Monday, August 20, 2007

Request Fulfilment explained

Request fulfilment, as the name implies, deals exclusively with Service Requests.

The process is defined in the Service Operations volume of the ITIL version 3 and is associated with low risk, low cost, frequently occuring issues.

These issues can be as simple as answering "how do I?" questions, relocation of hardware, installation of approved software, low risk access requests.

The primary benefit of defining a seperate process is that it allows the incident management process to focus on actual incidents that indicate a failure in a service, rather than dealing with general questions and requests.

ITIL version 3 introduces several new models and the 'request model' concept is a way predefining procedures to manager frequently occuring service requests (the model will generally include some element of change management (typically via a pre-approved change).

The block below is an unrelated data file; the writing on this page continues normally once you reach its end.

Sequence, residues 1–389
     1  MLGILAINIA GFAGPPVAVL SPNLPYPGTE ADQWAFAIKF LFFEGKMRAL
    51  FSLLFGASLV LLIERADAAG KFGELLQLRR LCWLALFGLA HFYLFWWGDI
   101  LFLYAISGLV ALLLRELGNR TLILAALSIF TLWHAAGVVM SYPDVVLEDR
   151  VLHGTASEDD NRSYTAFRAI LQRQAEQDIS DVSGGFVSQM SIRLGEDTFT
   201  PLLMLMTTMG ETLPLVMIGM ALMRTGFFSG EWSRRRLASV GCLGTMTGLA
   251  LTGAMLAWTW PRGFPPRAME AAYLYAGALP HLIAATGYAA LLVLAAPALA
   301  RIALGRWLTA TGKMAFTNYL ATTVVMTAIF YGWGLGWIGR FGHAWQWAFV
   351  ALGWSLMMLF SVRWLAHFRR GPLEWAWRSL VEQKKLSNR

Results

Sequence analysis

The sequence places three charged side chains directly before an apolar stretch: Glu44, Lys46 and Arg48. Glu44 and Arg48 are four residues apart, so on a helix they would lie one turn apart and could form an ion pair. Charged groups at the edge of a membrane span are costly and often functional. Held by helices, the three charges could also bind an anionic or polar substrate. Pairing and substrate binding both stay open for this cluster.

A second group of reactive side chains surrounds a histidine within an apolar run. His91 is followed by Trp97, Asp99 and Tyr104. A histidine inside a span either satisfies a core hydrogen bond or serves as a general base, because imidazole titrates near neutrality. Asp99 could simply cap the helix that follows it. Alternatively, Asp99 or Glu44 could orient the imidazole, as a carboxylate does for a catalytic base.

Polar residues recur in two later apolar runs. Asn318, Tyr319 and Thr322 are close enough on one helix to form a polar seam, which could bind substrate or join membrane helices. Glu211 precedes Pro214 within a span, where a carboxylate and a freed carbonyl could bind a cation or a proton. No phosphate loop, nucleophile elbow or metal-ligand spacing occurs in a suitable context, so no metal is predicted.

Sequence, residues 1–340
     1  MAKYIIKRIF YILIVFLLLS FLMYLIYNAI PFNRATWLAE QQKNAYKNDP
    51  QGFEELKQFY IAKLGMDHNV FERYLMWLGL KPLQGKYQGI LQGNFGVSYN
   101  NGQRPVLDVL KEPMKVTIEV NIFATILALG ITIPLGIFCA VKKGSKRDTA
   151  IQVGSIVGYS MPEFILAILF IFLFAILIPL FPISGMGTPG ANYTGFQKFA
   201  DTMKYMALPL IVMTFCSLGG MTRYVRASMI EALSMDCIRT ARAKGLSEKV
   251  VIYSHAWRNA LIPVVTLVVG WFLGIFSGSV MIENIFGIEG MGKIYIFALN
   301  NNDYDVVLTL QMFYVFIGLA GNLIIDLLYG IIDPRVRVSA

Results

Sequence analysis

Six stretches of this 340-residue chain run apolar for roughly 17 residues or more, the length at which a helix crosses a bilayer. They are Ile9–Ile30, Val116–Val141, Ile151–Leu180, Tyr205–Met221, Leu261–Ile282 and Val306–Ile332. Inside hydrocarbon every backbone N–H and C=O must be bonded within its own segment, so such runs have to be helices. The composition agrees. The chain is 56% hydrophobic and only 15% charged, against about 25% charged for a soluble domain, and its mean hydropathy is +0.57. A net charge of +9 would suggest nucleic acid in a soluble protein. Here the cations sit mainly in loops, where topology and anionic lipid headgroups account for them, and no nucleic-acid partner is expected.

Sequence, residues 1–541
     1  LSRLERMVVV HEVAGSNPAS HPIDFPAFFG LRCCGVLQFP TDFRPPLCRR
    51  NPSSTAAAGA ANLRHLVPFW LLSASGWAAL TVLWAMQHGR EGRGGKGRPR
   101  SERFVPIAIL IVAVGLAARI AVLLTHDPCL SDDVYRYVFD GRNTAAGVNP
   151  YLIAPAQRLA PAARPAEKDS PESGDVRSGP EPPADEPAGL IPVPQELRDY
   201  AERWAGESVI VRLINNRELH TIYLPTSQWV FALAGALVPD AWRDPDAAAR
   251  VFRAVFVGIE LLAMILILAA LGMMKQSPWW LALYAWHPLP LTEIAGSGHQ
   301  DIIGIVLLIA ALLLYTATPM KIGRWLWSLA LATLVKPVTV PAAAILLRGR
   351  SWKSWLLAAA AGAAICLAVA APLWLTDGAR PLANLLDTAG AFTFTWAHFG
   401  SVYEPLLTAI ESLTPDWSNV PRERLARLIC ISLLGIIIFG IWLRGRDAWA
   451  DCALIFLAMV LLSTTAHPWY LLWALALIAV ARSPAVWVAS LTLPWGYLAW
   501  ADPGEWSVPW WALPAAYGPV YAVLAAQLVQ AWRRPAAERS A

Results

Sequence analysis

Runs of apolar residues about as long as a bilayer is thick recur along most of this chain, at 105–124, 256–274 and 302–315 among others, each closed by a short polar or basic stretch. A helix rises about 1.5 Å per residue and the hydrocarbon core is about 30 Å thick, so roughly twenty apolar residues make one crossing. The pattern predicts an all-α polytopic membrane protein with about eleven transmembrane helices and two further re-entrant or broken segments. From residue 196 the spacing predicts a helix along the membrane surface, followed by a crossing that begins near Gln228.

Service Requests can come in a number of forms. The actual service request will detail the requestor, what is required, responsible person, date and time details and eventually closure details.

Requests can also be Requests for Change (RFCs). These will generally be used when a change to a Confguration item is requested (e.g. in a bank each group of users may be defined as a CI; changes to the membership of the group may require a formal change process, but the actual change to the group can be dealt with by a service request team).

There is a very close connection between request fulfilment and the Service Desk/Incident Management process; as calls made by end users to the Service Desk may be intially treated as incidents, but be later classified as requests (following initial questioning).

In most organizations the Service Desk staff will actually fulfil the requests - but the benefit is that requests can be 'stockpiled' and worked on as a seperate exercise, once the more critical incidents are dealt with.

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